‘Chappie’ Review: Short Circuit Too
We sure do place a lot of importance on originality don’t we? As though recognizing the influence of old art somehow nullifies new art altogether? (Unless Quentin Tarantino does it, of course. Then that’s him being genius.)
Yes, it’s folly to complain about new stories just because they owe their existence to old ones, but sometimes a film that pays constant homage to other movies only leads to unwanted distraction. Case in point: a film like Chappie, which so eerily evokes our collective and vivid memories of Short Circuit, Short Circuit 2 and sometimes RoboCop that Neill Blomkamp’s latest sci-fi spectacular plays a little bit more like a retro mash-up than a fresh and exciting melody. But hey, at least it was mixed by Die Antwoord.
The South African rap-rave icons known as Die Antwoord play themselves in Chappie, which is set two years in the future, when Ninja and Yo-Landi Visser have fallen on hard times. So they commit armed robberies wearing their old booth merch in order to pay back their debt to a violent sociopath, who appears to have been slapped on the back of the head during an Oliver Reed impersonation and just got stuck that way.
That would be plot enough, except a brilliant robotics expert named Deon (Dev Patel) has also invented an army of robot drones that wage war on crime in South Africa alongside human police officers. So Die Antwoord kidnaps Deon and forces him to program their own battlebot to give them an edge in urban warfare. But then it turns out that Deon had programmed this particular robot with artificial intelligence, so Ninja and Yo-Landi are forced to raise the lovable automaton – named Chappie (played by Sharlto Copley and about 200 VFX animators) – and gradually transform him into a hardened criminal through questionable parenting and outright deception.
And that actually sounds pretty damned original. It would even play that way if Die Antwoord were the main characters in Chappie, but they’re not. Instead Deon takes center stage, and the story of a robot infused with human feelings starts to feel a hell of a lot like Short Circuit. A militaristic douchebag named Vincent (Hugh Jackman, always in little shorts) starts hunting Chappie down like G.W. Bailey, Deon tries to save him like Steve Guttenberg and Die Antwoord tries to treat him like a real person like Ally Sheedy, except if she were a pair of hardened criminals-slash-former international music superstars.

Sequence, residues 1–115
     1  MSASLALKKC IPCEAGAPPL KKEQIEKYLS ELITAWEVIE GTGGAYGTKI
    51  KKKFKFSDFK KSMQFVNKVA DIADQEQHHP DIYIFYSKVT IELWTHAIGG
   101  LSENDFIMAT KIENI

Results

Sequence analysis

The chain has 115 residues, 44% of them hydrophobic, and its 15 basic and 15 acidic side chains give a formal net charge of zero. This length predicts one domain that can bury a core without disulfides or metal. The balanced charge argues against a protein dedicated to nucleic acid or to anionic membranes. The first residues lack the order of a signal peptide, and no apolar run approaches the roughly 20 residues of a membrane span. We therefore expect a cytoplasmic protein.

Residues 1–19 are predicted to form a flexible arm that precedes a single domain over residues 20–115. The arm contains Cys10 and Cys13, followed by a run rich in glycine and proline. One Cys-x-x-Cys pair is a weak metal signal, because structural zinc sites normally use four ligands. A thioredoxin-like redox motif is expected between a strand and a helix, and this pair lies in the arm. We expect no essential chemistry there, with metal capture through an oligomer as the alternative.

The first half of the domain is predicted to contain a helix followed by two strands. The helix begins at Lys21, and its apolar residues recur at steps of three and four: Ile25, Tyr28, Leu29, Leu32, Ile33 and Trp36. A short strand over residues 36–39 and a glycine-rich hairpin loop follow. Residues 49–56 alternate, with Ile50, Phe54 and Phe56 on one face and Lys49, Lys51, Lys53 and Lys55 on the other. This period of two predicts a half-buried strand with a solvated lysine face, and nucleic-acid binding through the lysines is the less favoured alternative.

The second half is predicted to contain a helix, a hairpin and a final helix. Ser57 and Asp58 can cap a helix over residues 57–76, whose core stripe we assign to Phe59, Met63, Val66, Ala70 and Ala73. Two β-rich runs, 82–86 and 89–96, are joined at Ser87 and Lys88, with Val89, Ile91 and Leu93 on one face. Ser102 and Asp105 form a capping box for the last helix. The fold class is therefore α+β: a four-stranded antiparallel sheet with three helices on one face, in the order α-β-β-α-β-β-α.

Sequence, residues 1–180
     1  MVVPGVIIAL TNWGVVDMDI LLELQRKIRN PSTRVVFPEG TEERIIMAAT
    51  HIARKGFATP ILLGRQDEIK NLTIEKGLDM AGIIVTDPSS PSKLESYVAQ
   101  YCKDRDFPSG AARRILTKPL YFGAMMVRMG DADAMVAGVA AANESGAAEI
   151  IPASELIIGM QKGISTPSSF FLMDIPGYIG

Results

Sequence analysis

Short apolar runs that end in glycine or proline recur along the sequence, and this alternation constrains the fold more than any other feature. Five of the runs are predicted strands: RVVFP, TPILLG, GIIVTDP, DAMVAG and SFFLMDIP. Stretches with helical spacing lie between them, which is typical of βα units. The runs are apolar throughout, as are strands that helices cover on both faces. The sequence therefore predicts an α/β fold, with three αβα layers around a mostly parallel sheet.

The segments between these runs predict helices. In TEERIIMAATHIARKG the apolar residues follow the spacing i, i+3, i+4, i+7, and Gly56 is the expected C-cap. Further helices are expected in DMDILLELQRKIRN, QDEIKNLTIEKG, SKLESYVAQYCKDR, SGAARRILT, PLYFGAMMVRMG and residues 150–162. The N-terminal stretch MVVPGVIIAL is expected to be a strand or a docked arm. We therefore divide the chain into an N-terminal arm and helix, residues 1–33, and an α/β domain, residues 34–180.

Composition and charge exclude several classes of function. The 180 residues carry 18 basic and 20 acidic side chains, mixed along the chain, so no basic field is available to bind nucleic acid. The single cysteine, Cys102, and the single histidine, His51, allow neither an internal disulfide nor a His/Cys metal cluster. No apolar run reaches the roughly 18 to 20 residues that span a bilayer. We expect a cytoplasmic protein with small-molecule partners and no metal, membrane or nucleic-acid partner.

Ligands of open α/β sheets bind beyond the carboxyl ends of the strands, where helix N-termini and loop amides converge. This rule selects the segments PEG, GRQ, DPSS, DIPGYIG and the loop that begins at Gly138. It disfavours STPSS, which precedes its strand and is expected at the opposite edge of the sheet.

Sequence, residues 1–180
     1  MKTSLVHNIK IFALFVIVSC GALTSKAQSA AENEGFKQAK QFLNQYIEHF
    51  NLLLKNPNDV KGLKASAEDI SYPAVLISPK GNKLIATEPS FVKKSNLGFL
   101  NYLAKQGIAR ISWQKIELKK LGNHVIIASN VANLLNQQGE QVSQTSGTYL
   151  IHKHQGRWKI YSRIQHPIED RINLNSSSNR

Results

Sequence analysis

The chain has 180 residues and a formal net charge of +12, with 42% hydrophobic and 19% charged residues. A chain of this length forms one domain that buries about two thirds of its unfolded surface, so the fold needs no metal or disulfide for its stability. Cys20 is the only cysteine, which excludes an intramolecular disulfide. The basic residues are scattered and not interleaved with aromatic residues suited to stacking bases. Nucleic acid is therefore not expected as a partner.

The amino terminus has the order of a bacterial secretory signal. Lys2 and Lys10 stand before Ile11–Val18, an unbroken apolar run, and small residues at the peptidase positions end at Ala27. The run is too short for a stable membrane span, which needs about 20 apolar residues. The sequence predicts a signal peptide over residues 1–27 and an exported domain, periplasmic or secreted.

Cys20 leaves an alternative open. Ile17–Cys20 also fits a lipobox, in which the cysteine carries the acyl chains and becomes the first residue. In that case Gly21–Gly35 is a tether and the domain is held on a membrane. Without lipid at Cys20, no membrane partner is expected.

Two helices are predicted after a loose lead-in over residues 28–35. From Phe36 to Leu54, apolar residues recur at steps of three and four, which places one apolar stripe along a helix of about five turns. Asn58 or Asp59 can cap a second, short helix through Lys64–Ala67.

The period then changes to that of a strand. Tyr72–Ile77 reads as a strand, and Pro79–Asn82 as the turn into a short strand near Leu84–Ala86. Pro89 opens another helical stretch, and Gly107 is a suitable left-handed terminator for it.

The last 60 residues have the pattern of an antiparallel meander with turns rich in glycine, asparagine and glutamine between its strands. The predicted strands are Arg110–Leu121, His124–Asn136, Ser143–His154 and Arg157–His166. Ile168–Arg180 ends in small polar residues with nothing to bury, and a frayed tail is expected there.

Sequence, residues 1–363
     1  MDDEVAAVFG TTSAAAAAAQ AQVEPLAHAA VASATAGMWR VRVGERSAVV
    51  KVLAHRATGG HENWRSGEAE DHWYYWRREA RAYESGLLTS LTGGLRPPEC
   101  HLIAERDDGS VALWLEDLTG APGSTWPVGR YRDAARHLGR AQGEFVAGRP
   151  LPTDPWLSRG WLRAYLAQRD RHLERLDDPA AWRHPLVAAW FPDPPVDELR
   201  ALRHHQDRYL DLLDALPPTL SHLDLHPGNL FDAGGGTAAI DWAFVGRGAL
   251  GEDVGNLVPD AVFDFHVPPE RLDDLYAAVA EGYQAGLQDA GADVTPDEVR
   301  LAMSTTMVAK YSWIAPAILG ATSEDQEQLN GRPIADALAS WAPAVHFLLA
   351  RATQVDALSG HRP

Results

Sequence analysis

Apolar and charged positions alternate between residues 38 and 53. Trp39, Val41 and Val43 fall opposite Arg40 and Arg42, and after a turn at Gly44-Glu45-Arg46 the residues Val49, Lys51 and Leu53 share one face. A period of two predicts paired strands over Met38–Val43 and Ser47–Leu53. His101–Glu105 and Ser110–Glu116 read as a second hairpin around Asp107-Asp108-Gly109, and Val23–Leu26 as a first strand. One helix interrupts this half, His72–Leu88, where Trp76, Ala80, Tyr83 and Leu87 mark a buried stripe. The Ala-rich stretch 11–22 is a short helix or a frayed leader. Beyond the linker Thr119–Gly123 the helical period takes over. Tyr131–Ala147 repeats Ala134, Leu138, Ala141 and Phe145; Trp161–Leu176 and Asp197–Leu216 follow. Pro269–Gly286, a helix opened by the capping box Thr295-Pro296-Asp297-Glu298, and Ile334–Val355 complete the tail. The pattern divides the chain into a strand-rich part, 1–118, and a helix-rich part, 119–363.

Throw in some awkward attempts to trick Chappie into committing crimes by taking advantage of the robot’s innocence, like in Short Circuit 2, and a sudden climactic appearance of ED-209 on steroids and you’ve got a terribly familiar story, a Frankenstein cobbled together out of highly recognizable parts. The most interesting and unusual aspects of the film, Die Antwoord themselves, are but a surreal and incongruous side plot instead of the focus of the story.
But Neill Blomkamp knows how to direct the very familiar film he’s making. Chappie is impressively realized and often very exciting, and Sharlto Copley & Company do an excellent job of making Chappie himself seem like an intriguing and believable character. Blomkamp is usually excellent at raising pointed questions with his sci-fi movies (see also: District 9 and Elysium), and here he poses smart queries about the nature of human consciousness. And then he answers those queries, in a way that’s either extremely cool or totally a cop out, depending on how invested you actually were in them.
Chappie is well made enough to earn some avid fans, particularly if they either haven’t seen the movies that Chappie owes its very existence to, or if they simply don’t care that Blomkamp’s film is a total pastiche. The action is incredible and the visual effects are impeccable. The sense of intensity that Blomkamp brings to Chappie starts to infect you after a while, and you get swept up in its fast-paced shenanigans. But it was extremely close to becoming something impressively new and unusual, evoking earlier films without outright lifting their storylines and imagery. And for some audiences that’s bound to be a little more frustrating than fun.